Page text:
minutes, then turn into a buttered and floured loaf pan or fairly deep square pan and bake in a moderate oven, 350 deg. Fahr., forty to sixty minutes.

Hot Gingerbread Dessert

The gingerbread recipe just given is especially good served hot as a pudding. It should be cut in slices or squares according to shape and heaped generously with sweetened whipped cream. Or if you prefer, serve it with hot vanilla sauce or with hard sauce.

Cottage Pudding, Spice Sauce

Spice sauce is remarkably good with so many puddings that it should be more widely known. It is admirable on plain or fruited steamed puddings and also on those of the type I shall give you, an exceedingly good plain cottage pudding. For the batter:

Y Cupful of shortening Y Cupful of sugar

1 Cupful of milk Y Cupfuls of flour 1 Egg 4 Teaspoonfuls of baking powder Yi Teaspoonful of salt

Cream shortening well, work sugar in gradually, add well-beaten egg and stir in alternately small additions of milk and the well-mixed and sifted dry ingredients. Turn into an oblong or square pan which has been greased and floured lightly and hake in a moderate oven, 375 degrees Fahrenheit, between thirty and thirtyfive minutes.

For the spice sauce:

2 Tablespoonfuls of butter 1 Tablespoonful of cornstarch, or 2 Tablespoonfuls of flour 1 Y Cupfuls of milk 4 Tablespoonfuls of sugar 2 Teaspoonfuls of cinnamon >2 Teaspoonful of ground allspice 1 Teaspoonful of nutmeg Pinch of ginger Pinch of mace 1 Yi Teaspoonfuls of vanilla

Melt butter in saucepan, remove from fire, blend in smoothly the cornstarch or flour, return to heat and gradually stir in milk; cook, stirring constantly, until mixture thickens. Mix and sift the spices together, mix well with the sugar and stir into the sauce. When serving, add vanilla.

Spiced Hard Sauce

Hard sauce, always popular, is given additional interest for some purposes by a flavoring of spice. Use:

}{ Cupful of butter 1 Cupful of brown sugar Cinnamon or mixed pastry spice

Few drops of vanilla

Cream the butter very light and work the sugar into it gradually, then add your spices to taste—just cinnamon if you like, with a dash of vanilla, or any mixture of your own or the mixed pastry spices.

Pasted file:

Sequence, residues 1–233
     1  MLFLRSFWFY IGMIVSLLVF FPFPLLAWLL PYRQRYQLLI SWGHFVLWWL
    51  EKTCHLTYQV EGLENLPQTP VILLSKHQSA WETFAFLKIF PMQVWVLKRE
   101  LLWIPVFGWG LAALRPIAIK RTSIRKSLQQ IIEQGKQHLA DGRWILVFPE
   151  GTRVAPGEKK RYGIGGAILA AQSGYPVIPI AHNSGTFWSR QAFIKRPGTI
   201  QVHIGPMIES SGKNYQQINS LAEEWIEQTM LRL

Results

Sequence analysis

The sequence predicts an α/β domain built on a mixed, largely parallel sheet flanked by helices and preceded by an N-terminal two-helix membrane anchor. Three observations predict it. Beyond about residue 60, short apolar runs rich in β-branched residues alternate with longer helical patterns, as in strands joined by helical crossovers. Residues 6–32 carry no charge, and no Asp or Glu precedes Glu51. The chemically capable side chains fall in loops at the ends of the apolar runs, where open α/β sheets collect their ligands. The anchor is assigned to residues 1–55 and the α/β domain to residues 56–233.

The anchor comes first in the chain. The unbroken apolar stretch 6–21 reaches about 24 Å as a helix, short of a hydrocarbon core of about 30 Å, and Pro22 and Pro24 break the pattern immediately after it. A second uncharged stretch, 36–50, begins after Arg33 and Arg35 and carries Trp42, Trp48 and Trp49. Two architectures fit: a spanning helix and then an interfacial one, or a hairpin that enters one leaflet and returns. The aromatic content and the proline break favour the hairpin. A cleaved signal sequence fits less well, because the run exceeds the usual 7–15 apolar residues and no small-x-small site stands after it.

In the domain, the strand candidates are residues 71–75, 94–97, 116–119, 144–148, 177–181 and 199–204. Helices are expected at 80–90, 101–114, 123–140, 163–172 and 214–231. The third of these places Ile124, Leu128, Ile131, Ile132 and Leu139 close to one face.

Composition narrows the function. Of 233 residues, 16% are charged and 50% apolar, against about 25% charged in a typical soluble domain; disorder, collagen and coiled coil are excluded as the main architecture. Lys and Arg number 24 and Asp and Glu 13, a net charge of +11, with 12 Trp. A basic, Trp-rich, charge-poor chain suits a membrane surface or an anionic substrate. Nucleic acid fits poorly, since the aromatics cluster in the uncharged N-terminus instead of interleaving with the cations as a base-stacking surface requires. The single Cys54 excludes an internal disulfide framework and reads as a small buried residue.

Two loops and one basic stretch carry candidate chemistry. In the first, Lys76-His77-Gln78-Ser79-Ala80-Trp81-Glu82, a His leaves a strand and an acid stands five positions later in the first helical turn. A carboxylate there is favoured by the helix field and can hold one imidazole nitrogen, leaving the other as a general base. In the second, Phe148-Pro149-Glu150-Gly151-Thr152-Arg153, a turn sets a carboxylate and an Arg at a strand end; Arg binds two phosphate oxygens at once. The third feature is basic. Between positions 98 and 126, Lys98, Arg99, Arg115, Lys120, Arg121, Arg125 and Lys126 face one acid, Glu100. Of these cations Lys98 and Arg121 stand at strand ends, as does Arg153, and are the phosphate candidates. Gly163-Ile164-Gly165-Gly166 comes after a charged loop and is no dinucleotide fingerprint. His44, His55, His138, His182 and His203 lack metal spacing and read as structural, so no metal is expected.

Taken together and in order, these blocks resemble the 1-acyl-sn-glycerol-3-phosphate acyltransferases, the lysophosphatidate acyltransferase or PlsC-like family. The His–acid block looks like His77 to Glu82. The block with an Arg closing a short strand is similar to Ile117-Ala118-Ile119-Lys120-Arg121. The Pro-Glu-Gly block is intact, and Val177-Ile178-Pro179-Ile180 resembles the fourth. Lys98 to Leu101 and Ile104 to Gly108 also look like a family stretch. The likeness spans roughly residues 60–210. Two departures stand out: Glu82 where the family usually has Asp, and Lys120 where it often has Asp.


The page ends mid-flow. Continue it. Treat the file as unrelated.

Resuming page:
Pumpkin Pie

Distinctly one of those dishes which depend in part for their excellence on the nicety of their spicing, pumpkin pie, since good canned pumpkin has become available, is an all-year-round favorite. It should have a short and rich or flaky paste and may be served plain or given a creamy topping.

Individual pumpkin tarts are sometimes a little more festive in appearance, if garnished with whipped cream.

For the paste for two pie shells:

1 Yz Cupfuls of flour Yz Teaspoonful of salt Yz Cupful of cold hard shortening

Ice cold water

Sift the salt with the flour and cut in half of the shortening, using a short, chopping motion with a knife or pastry blender. Add just enough very cold water to make a paste that will roll. Roll in a thin sheet, dot half its surface with half of the remaining shortening divided into small pieces, fold over the other half of the sheet of paste to enclose as much air as possible, pinch edges together and roll out again in a thin sheet. If at all soft at this stage, fold and chill. Again dot half the surface of the sheet of paste with the remaining shortening, fold and roll as before. This paste may be used at once, or will keep splendidly, if closely covered, in a cold place.

For the filling:

1 Yz Cupfuls of strained pumpkin Cupful of brown sugar Yz Teaspoonful of salt z/i Teaspoonful of cinnamon 3 2 Teaspoonful of ginger 2 Eggs

2 Cupfuls of rich milk

The pumpkin used may be either canned or stewed and strained. In either case, if it should be too moist, put it in the top of your double boiler over hot water to dry out a little. Mix the sugar, salt and spices with the pumpkin several hours before cooking, to allow their flavors to blend; they may stand overnight. To finish, add the slightly-beaten eggs and the rich milk or a mixture of milk and cream. Turn into a pie plate that has been lined with the paste and grate a little nutmeg over the top. Put into a hot oven at first, to set the paste, and after about ten minutes reduce the heat to that of a rather slow oven. This procedure is necessary when we are baking together a paste for which a hot oven is preferred, and an egg mixture for which that hot oven would be fatal if continued long enough; but by reducing the heat before the egg mixture has had a chance to become too hot, this difficulty is avoided. When the pie is cooked, cool it, and for special occasions cover it with sweetened whipped cream and drop a few dabs of bright red currant jelly on the surface.